Today we’d like to introduce you to Kim Radochia.
Thanks for sharing your story with us Kim. So, let’s start at the beginning and we can move on from there.
I went back to finish my art training in my late 20’s at the School for the Museum of Fine Arts in Boston after completing an undergraduate degree in business with a minor in art at Hartwick College and working in Education and Business. Upon finishing my art training I worked for a landscape architect and was inspired by the scale of designing for the outdoors and began my path making large scale sculpture. I got certified in welding from a local technical high school evening program and began to explore metal. Seeing an avenue where I could exhibit large sculpture I entered the realm of public art. I submitted to and entered competitions for work and exhibitions throughout the U.S. I also continued to work in other media including photography, mixed media, drawing, and painting. I always maintained a sculpture studio at my home North of Boston but then added a second studio to my business at 450 Harrison Ave. in Boston in 2004. My studio in Boston evolved to becoming my primary studio and a wonderful space to reach out to the public and make contacts in my field, and of course show my artwork. Today I spend the majority of my time doing commissions for permanent locations both private and public and working towards exhibitions with the galleries that represent my artwork. I also spend a portion of each year doing a project abroad that is based on a concept I am interested in exploring. Last winter I traveled to Rome as an artist in residence for six weeks at the American Academy and worked on a project titled, Time and Place, Palindrome 48/84.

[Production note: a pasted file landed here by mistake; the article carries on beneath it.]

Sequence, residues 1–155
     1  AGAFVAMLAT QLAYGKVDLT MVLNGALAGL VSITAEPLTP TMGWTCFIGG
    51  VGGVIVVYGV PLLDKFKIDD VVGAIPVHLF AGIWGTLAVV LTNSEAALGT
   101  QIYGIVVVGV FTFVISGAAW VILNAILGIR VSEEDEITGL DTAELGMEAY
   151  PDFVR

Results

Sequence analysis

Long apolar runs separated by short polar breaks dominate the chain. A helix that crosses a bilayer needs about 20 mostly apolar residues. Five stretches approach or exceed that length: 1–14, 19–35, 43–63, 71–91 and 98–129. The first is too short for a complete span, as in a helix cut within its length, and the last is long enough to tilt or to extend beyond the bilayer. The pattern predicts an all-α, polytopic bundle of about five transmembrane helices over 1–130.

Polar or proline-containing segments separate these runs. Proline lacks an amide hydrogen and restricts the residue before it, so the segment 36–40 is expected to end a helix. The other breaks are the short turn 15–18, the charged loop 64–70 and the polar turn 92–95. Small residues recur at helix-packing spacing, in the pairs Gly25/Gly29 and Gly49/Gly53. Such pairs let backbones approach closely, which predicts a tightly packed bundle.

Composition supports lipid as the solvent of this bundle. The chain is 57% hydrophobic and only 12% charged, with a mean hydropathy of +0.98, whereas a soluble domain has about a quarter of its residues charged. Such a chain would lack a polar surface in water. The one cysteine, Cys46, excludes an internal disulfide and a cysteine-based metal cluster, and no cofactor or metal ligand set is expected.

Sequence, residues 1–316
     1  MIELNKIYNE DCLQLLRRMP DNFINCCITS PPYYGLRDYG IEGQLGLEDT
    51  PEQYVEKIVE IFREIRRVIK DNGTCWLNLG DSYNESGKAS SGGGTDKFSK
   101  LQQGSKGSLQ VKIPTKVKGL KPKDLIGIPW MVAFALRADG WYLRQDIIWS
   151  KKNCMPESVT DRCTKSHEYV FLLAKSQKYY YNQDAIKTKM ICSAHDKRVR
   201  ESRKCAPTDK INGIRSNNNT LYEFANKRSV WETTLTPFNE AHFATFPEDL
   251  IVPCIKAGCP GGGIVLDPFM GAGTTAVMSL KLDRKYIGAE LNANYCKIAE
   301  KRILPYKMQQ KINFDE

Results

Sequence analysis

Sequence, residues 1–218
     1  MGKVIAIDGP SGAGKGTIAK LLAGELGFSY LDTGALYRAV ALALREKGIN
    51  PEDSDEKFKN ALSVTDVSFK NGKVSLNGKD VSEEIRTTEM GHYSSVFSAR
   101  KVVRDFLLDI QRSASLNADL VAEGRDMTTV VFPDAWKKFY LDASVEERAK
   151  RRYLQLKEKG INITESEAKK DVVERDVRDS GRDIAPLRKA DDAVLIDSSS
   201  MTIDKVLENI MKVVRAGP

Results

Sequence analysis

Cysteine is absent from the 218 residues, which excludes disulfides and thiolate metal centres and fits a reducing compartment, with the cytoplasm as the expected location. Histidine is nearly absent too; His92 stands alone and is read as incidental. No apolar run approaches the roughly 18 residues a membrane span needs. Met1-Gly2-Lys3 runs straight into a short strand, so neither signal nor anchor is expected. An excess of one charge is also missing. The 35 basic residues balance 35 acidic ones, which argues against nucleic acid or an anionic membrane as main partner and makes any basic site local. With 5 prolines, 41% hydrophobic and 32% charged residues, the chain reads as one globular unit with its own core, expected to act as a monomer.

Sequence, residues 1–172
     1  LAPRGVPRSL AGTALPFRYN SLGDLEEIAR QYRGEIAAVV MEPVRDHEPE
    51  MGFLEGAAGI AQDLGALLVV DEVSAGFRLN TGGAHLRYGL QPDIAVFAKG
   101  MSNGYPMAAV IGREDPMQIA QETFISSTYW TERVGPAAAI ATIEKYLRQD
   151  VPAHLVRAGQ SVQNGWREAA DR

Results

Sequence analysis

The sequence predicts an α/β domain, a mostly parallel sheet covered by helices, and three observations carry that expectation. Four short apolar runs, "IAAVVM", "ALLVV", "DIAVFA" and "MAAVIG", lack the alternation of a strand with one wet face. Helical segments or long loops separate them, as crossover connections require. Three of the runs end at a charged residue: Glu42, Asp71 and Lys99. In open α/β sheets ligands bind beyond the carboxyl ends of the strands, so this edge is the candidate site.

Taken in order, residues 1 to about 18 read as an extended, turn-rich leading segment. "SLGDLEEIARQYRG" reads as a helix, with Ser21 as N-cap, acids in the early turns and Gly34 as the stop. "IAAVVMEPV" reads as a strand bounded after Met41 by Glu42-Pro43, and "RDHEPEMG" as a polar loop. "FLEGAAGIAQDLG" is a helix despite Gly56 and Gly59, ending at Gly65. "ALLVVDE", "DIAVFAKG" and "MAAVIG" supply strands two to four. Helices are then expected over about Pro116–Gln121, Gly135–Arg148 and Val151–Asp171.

We’re always bombarded by how great it is to pursue your passion, etc – but we’ve spoken with enough people to know that it’s not always easy. Overall, would you say things have been easy for you?
Damage to outdoor sculpture in public places, shipping large sculpture is very complicated, expensive and dangerous, sculpture is difficult to sell and place permanently and requires a huge effort.
Funding to make large artwork is difficult…most artists don’t make large outdoor sculptural works until they have had a lucrative career making gallery or museum sized artworks and I did it in the reverse order so my initial investment into my career as an artist was quite significant.
There is a whole culture of sculptors of large outdoor artworks that are very entrepreneurial and independent spirits and not affiliated with commercial galleries and the mainstream art world. The opportunities to show work is quite good but the opportunities are not matched with potential sales and permanent placements of art in public places. Municipalities enjoy temporary public sculpture exhibitions along their public main streets however leave a lot up to the artist to sell and potentially place the artwork permanently. It’s a beginning and a lot of cities and people are learning about public art, appreciating and hopefully in time will be funding permanent placements. With that being said I no longer exhibit in temporary public sculpture shows and am now focused on permanent commissions and sales through galleries.
So, as you know, we’re impressed with Kim Radochia Studios – tell our readers more, for example what you’re most proud of as a company and what sets you apart from others.
I am most known for my ability to transform materials, sometimes simple and common materials, into artworks. I am also know for exploring materials in innovative ways and inventing new techniques and practices.
So, what’s next? Any big plans?
I am working on expanding my projects into larger exhibitions for commercial and museum exhibitions in bigger cities like New York. I am also working towards a collaboration in Gloucester, MA where I have a studio. An artist in residency program is being developed there and I look forward to fostering a shared work experience with the sculptors who attend that program.
- Address: 259 Concord St., Gloucester, MA 01930
450 Harrison Ave, ste. 202, Boston, MA 02218
- Website: www.kimradochia.com
- Phone: 978-618-7587
- Email: firstname.lastname@example.org
- Instagram: leaps_art
- Facebook: Kimberly Radochia
- Twitter: @KimRadochia
George Lynde, Debby Krim